Users weigh in on how they use CRM Systems
Choosing a customer relationship management system requires companies to take a hard look within. They need to dig into their business requirements and operational structure to determine what they really need in CRM system features. Ultimately, companies need to determine how they can best nurture and maintain relationships with their customers in a variety of channels, in automated ways -- and do so throughout the customer's lifecycle, from mere prospect to sale to service and maintenance.
Factors include budget, number of users, the hardware you use, and a company's existing application set. But according to CRM expert Marshall Lager, principal at Third Idea Consulting, there are certain CRM features that companies "just can't come to the table without."
"Taken as a whole, these features are the core of what CRM is about," he said. "Without them working together, an organization will wind up with siloed customer information, which is precisely what CRM is meant to prevent. They're what you need to have a complete view of your customers."
Here we outline the features to consider when you're selecting a CRM application. First is a rundown of Lager's requirements, followed by descriptions of the decision-making process of two companies -- telecom business North State Communications and heating and cooling technology provider Reliance Home Comfort -- when they selected a CRM platform.
Contact management. While it almost goes without saying, companies need to ensure that their CRM application provides an easy, intuitive way to centralize and manage prospects, leads, clients and other important contacts, and provides relevant information for every function within a company.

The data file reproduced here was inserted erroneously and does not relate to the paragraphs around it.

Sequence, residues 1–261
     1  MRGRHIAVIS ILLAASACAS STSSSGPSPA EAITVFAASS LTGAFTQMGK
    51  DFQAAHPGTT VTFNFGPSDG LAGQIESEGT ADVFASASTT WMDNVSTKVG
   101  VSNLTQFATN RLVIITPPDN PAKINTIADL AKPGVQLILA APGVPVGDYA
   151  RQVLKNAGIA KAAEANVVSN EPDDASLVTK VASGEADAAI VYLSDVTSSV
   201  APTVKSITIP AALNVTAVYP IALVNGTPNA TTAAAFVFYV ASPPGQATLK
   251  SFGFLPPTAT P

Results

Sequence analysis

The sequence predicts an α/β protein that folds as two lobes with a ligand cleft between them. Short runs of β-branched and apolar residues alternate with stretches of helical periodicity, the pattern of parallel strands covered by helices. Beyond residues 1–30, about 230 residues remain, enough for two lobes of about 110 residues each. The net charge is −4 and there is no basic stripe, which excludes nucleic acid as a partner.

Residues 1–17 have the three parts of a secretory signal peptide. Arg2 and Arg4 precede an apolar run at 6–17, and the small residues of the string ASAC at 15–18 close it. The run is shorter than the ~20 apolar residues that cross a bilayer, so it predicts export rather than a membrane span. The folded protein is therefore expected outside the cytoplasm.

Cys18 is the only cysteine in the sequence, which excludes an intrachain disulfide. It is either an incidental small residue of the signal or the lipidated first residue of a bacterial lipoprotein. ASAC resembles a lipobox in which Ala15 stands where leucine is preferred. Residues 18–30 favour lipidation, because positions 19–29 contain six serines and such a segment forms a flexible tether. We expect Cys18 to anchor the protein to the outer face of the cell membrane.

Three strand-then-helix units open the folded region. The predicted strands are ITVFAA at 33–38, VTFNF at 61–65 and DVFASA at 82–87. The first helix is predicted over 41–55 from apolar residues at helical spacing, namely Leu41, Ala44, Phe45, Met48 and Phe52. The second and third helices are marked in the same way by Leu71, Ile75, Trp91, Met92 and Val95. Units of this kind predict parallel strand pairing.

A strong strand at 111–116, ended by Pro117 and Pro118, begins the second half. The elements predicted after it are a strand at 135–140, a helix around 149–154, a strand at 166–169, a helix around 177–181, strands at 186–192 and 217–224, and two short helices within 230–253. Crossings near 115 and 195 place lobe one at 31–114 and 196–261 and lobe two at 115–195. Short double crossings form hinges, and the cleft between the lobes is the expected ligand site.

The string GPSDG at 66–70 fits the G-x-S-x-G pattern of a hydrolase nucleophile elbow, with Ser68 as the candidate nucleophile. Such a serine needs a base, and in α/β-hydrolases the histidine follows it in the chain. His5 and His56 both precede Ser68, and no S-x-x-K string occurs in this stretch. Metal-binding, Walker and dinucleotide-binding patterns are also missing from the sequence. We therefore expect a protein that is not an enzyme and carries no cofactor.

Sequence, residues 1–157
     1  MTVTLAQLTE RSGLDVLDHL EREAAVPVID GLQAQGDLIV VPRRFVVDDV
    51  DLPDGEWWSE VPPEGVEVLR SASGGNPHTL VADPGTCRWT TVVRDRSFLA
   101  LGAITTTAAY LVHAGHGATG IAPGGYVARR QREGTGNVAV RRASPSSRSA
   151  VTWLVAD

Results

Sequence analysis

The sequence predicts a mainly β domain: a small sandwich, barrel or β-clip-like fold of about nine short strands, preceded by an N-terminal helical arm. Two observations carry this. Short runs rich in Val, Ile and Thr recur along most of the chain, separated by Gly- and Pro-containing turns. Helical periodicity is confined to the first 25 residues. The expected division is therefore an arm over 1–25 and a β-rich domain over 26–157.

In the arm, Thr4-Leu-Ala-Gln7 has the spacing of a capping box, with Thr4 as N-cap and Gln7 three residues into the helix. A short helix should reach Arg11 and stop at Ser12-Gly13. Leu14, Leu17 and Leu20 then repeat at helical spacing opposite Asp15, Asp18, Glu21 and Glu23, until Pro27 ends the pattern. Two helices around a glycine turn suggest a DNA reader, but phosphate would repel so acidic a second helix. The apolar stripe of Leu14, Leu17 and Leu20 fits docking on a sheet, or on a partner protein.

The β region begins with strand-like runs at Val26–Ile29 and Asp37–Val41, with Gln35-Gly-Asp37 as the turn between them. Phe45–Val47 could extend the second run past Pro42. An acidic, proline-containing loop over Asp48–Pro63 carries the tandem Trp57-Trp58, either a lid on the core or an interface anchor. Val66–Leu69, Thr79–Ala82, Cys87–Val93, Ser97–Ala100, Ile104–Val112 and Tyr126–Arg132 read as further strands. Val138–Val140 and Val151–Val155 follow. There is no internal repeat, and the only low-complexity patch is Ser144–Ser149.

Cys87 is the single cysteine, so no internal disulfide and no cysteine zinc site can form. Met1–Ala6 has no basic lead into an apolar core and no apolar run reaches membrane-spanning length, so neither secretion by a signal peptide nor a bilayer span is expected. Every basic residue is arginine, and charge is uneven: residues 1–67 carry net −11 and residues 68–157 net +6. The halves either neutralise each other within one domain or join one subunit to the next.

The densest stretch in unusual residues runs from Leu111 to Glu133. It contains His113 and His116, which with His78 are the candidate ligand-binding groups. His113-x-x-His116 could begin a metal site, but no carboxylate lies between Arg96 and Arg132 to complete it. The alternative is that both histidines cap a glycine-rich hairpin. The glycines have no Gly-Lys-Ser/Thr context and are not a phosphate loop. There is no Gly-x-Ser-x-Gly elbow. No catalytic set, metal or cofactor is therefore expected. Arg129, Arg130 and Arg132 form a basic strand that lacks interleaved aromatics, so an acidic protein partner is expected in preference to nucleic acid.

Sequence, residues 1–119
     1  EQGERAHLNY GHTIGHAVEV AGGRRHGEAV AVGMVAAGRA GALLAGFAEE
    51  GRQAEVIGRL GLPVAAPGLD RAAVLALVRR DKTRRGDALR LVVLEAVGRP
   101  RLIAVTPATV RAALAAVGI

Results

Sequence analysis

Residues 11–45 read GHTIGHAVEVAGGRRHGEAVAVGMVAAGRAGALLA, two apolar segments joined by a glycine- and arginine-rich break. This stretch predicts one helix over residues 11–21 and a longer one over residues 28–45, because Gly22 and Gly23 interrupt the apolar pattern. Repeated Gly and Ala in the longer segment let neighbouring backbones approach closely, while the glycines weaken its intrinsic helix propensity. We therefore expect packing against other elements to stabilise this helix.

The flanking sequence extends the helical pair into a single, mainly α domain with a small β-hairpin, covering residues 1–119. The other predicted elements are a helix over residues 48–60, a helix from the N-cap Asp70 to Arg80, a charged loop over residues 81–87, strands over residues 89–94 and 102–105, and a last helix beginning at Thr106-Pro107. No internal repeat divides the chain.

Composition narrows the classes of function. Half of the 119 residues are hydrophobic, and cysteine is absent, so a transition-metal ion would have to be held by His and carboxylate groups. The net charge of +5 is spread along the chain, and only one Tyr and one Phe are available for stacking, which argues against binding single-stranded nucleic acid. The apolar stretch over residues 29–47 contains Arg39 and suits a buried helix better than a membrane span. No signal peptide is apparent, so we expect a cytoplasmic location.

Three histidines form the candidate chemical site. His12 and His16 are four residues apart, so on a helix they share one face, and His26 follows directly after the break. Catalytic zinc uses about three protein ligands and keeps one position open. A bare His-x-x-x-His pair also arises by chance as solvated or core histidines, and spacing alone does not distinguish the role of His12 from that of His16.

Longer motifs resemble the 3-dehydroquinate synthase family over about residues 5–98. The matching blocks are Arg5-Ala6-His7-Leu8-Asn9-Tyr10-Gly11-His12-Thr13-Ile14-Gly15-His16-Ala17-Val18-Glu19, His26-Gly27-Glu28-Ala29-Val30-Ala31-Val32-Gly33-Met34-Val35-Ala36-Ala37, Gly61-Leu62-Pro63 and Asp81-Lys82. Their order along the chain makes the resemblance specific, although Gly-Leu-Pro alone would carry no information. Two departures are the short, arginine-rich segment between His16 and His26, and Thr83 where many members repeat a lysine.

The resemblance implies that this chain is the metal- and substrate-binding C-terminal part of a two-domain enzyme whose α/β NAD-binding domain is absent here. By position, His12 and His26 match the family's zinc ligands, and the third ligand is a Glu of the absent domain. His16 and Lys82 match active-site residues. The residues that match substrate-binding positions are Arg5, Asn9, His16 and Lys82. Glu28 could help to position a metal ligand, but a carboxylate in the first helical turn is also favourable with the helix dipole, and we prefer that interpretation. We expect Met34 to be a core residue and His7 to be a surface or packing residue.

Sales force automation. CRM apps need a sales enablement and management system that tracks lead to cash, with quotas, projections and (if the company has more than a handful of salespeople) some rules for assigning accounts.
Marketing automation. CRM systems must gather prospects, sift through the chaff and pass relevant information to sales. Marketing via email and social media are also important, with automated messages built around interaction with the brand.
Service and support. Built-in CRM system features are needed to route inquiries and complaints to the right people. They need to cover email and phone at the bare minimum; social listening and engagement are also wise investments.
Reporting. All customer-related activity has to be visible to managers and executives so they can provide proper steering. Reporting should feature dashboards and alerts for daily events and deeper analytics for monthly, quarterly, annual, and/or regional performance.
North State Communications, a telecom provider in High Point, North Carolina, chose Salesforce1 for several reasons, though its dominance in the marketplace was no small thing, according to Joseph Smith, North State's manager for fiber broadband business development. Other important characteristics in Salesforce1 that Smith outlined: